Initially used as a museum of the Risorgimento (the re-unification of Italy), it is now home to the Museo Nazionale del Cinema. I visited the museum whilst in Turin and enjoyed the galleries arranged around the exterior of the building and containing an excellent poster collection, memorabilia from Italian and Hollywood films, contraptions and screenings from the early days of cinema. A visit also gives the chance to see numerous classic films running throughout the museum as you explore its collections. It is also possible to take an elevator ride to the top of the building and view the city. As waiting time to get into the elevator was two hours, I passed on this occasion, but my friends stuck it out and went to the top for some magnificent views. The elevator journey includes a ride through the huge open dome overlooking the lower museum galleries. I think that might have been a bit much for me - the walk around the upper floors of the museum having left me a tad vertiginous! The museum has a good shop with lots of postcards, posters, books and cinema "stuff". I chose some postcard reproductions of film posters from 1918 and 1920, reproduced below.

Postcard of film poster for Italian movie La Contessa Misera, 1918.
Postcard advertising La Decima Musa, 1920.
The city has a long history of and love affair with film. It was here that film chromatography was first established, whilst the proximity to France meant that local filmmakers were influenced by the Lumiere brothers. Italy's first cinema screening took place here in 1896 whilst in 1914, Giovanni Pastrone's Cabiria, one of the world's first blockbusters premiered here. In later years, Rome assumed leadership of the Italian film industry but Turin is still important and since 1982 has hosted a prestigious international film festival. Still on film, whilst wandering the streets behind Via Roma, I came across the wonderful art deco facade of Cinema Lux. This cinema which opened in 1934 was originally called Cinema Rex, then the Dux and finally acquiring the name Lux after the Second World War. Located in the very elegant Galleria San Frederico adjacent to Piazza San Carlo it was once Turin's most luxurious cinema with over 1,500 seats and was the work of architects Giovanni Canova and Eugene Corte. Corte, born in Geneva had studied under Jean Luis Pascal whose main claim to fame was in assisting Charles Garnier with the design of the Paris Opera.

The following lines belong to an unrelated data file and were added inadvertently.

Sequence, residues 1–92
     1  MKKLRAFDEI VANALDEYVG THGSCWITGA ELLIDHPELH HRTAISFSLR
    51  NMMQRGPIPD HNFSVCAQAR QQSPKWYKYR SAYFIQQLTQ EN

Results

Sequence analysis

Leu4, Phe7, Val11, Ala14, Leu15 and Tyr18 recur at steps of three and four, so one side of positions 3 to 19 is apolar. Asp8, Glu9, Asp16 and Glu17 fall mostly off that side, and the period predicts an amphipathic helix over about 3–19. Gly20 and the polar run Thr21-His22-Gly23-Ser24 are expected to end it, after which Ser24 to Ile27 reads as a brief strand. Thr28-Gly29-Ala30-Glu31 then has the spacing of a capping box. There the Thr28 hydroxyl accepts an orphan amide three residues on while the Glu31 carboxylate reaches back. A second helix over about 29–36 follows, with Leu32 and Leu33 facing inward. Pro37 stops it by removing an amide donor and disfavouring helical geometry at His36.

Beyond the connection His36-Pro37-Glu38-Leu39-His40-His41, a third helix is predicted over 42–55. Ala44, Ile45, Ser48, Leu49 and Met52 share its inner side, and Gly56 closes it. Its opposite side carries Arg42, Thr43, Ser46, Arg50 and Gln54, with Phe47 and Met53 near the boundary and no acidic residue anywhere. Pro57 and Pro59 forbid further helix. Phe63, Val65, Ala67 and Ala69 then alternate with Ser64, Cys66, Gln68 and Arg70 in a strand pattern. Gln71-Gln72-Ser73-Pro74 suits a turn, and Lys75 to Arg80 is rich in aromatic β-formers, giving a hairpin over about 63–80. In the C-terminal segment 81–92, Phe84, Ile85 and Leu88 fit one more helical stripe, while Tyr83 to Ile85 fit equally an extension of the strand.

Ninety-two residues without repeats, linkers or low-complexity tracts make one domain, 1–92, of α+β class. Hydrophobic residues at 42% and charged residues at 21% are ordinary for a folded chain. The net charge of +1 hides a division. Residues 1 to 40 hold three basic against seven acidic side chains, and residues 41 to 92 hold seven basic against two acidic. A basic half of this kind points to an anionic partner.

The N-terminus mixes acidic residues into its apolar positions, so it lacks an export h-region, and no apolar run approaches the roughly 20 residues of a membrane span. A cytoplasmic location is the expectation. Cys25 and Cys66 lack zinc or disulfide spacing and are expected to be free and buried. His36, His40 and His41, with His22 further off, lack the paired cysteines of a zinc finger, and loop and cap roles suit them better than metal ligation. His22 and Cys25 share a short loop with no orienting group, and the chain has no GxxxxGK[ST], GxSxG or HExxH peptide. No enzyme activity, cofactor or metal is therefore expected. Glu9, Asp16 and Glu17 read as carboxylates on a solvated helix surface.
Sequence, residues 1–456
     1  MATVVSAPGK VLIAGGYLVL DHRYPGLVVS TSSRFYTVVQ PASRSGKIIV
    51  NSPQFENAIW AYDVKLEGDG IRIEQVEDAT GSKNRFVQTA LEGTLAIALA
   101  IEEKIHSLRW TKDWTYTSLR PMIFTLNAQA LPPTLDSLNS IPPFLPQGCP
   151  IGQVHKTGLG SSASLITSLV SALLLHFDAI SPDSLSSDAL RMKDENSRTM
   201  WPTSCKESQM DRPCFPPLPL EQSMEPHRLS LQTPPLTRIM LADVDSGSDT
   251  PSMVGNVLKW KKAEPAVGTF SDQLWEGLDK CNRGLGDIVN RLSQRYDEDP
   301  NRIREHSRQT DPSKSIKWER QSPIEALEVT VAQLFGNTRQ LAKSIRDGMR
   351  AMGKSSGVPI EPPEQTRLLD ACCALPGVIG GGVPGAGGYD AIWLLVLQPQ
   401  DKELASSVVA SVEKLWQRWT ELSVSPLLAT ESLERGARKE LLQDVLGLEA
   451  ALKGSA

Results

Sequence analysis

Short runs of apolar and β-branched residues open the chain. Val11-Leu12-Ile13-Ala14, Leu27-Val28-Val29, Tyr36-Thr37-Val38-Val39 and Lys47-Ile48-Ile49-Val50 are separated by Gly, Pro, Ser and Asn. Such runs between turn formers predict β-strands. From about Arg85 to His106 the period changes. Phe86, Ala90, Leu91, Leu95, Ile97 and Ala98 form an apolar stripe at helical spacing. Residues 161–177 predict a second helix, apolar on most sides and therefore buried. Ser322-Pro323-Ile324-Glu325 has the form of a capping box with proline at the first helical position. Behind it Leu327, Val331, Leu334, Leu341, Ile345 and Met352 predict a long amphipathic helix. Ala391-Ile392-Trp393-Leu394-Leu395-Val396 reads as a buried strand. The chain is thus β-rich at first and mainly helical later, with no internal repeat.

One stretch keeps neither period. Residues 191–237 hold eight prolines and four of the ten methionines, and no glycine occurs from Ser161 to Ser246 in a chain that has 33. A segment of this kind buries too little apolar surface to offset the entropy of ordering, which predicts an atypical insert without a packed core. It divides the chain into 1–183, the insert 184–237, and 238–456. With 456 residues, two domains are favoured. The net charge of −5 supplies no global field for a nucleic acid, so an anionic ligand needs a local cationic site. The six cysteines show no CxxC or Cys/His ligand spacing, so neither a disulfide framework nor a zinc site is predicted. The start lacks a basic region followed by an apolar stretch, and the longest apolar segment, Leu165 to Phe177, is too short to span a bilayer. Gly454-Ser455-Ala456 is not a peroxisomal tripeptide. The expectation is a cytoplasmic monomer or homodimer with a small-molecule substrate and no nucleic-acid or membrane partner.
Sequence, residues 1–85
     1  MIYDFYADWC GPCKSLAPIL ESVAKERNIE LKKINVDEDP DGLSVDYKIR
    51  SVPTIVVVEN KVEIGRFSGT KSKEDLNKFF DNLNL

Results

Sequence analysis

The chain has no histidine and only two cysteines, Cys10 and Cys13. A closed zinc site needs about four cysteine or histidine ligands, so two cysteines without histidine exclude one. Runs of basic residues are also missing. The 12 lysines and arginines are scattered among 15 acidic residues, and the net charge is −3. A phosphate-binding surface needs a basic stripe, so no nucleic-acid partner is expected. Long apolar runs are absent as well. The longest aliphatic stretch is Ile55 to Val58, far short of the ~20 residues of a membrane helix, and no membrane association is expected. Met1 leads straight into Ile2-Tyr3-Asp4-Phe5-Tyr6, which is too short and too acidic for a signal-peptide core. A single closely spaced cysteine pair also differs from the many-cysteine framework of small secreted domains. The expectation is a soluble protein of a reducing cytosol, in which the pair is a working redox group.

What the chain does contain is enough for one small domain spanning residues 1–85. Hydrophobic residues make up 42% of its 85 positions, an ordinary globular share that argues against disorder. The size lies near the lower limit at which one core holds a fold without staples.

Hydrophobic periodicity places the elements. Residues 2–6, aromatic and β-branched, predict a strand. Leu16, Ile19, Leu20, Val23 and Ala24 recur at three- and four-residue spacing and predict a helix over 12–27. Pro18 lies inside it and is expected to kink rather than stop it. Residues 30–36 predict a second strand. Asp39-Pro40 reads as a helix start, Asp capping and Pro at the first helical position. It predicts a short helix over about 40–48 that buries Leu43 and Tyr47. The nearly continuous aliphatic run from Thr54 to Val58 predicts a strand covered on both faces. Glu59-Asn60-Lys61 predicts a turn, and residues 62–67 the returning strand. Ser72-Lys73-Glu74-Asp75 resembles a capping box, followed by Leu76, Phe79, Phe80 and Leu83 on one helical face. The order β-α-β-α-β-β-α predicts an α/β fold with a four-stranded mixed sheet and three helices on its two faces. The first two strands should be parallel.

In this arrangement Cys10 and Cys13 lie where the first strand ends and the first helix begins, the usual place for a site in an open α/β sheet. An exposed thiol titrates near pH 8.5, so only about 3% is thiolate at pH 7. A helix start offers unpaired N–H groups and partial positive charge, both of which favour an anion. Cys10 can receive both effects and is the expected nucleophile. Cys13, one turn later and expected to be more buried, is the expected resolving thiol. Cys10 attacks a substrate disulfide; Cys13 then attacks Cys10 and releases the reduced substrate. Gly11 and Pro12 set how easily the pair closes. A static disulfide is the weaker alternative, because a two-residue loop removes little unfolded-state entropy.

Lux Cinema, Galleria San Frederico
No trip is complete for me without seeing at least a few modernist buildings from that most creative of decades - the 1930's. In Turin, I knew that the Liberty Style art nouveau architecture was going to be the star of my show and indeed it was, but I was thrilled to happen upon a couple of cracking modernist buildings too. Close to the Lux cinema I came upon the Torre Littoria in Via Giovanni Battista Viotti. tilt in 1933 and designed by architect Armando de Villa Mellis. It made significant use of innovative materials for the time including glass bricks, split tiles and linoleum. It was also the first building to be constructed with a welded steel support structure. Totalling 19 floors, the summit is 109 metres above ground and the tower remains one of the city's tallest buildings. It is adjoined by a cool, modernist 9 storey lower body with beautiful curves, lines and clean crisp colours. I love it! I have included pictures of two more modernist buildings in Turin, one adjacent to the Torre Littoria and another in the Liberty Style district just outside the centre of the city. I have been unable to find details for these buildings…if anyone knows about them please contact me on the blog.
Torre Littoria, Via Giovanni Battista Viotti.